In contrast, in primary care, though the materials are usually available and maintained in case an emergency situation should arise, these skills are rarely used. Moreover, the supportive practitioners (nurses, receptionist and fellow clinicians), though receiving yearly training; may wait years before they get to practise their skills on a real case. Furthermore, the specialist trainee, being transplant from the relatively standardized and familiar context of the hospital or outpatient department to a new and much more variable care setting, will be disoriented and relatively isolated if he or she is confront with a patient having a life-threatening event. Finally, many Specialist trainees while having participated in the provision of emergency care will never have taken the responsibility for directing the care, to lead the clinician during the emergency (Goldfrank, 2010, p. 86).

Evidence based plan of care is very beneficial in an emergency. The evidence in the emergency provides medical practitioners with information about the cause of the emergency. This data not only ensures proper medication to the affected, but also gives nurses and clinicians confidence in approaching the emergency. Confidence in the clinician motivates in their effort to assist the affected person. The victims of the emergency stand a better chance to acquire quality and proper medication. Proper medications that come with the evidence to the emergency facilitate the chances of survival to emergency victim. In most situations, emergency victims are very critical and, therefore, they deserve a high attention to safe (Queenan, 2012, p. 112). By provision of evidence about the cause of their ailment, their chances of survival are increase by proper administration of medication.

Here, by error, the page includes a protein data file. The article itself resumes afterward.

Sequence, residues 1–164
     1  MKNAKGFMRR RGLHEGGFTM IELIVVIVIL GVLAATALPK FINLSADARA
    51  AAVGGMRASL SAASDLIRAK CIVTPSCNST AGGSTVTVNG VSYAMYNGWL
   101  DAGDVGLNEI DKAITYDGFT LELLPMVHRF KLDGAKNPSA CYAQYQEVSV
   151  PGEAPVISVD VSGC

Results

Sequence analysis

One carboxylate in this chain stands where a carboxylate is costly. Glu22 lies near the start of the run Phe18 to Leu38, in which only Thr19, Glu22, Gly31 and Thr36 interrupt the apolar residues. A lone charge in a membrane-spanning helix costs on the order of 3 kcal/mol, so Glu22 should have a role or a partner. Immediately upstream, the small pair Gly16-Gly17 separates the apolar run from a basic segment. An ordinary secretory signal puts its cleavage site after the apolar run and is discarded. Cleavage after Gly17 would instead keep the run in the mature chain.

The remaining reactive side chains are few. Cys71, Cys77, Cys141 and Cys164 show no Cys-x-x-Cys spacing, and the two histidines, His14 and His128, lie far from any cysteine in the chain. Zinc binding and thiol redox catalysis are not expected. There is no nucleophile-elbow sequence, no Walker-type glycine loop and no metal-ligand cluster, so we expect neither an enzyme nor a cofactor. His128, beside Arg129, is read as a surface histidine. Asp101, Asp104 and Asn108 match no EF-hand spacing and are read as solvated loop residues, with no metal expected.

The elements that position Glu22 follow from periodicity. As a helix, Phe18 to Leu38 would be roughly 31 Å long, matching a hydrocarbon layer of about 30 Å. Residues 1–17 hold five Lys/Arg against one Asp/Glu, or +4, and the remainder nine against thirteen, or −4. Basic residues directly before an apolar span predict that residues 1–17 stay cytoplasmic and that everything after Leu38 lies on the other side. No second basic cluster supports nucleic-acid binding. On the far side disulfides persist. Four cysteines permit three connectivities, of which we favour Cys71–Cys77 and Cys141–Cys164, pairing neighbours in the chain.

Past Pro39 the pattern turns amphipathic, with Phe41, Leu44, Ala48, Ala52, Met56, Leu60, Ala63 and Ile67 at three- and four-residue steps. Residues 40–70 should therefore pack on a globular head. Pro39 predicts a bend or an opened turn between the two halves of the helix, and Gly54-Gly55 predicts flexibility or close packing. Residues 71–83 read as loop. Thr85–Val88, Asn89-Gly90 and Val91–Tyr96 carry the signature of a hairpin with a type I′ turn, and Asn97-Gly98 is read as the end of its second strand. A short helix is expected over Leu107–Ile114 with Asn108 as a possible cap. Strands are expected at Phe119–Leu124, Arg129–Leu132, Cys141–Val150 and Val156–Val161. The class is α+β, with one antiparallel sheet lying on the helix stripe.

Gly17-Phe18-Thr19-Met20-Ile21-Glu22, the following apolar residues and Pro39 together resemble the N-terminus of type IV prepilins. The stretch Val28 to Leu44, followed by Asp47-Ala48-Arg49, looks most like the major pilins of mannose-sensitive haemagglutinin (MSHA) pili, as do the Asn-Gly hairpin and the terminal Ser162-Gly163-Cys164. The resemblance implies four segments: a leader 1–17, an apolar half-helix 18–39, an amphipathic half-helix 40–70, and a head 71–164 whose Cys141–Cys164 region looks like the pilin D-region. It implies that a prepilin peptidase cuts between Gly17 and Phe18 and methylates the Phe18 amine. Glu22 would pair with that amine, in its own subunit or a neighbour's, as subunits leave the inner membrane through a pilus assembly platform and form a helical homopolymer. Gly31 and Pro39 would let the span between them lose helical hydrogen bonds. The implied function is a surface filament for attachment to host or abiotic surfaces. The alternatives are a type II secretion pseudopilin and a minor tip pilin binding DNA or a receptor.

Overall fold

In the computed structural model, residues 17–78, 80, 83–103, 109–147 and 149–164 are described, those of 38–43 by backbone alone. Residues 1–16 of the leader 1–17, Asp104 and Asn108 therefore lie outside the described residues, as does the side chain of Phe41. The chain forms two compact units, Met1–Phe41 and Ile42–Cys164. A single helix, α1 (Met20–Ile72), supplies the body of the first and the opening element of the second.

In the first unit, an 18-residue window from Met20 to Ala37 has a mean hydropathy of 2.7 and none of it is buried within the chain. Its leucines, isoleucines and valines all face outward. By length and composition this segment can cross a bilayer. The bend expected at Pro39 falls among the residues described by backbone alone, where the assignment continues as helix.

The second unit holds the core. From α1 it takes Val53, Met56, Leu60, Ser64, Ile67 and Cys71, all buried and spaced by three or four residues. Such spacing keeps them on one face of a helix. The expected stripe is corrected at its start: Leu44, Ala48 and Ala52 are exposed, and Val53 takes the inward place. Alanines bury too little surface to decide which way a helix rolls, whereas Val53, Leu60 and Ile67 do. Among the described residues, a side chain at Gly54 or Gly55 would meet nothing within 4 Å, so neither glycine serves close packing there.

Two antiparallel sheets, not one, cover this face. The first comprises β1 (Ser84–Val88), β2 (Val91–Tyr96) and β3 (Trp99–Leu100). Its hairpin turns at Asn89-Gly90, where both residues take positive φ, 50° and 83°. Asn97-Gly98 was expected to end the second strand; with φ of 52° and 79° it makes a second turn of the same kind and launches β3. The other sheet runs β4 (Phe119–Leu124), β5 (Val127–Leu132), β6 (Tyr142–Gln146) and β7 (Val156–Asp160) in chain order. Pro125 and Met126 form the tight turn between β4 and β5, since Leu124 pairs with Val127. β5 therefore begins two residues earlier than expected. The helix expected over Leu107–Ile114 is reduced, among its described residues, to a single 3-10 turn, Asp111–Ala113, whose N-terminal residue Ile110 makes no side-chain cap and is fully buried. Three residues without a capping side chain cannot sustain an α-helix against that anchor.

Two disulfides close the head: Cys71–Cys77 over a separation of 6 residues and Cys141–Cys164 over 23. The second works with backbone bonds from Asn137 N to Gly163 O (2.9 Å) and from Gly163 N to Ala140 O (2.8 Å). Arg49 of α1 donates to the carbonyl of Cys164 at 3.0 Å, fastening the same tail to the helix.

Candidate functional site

Evidence based plan of care is cost effective in an emergency. A lot is a waste through trying to minimise a situation that lacks evidence of its rise. Through provision of the causes that result to an emergency, many resources that could be used in search for evidence are saved.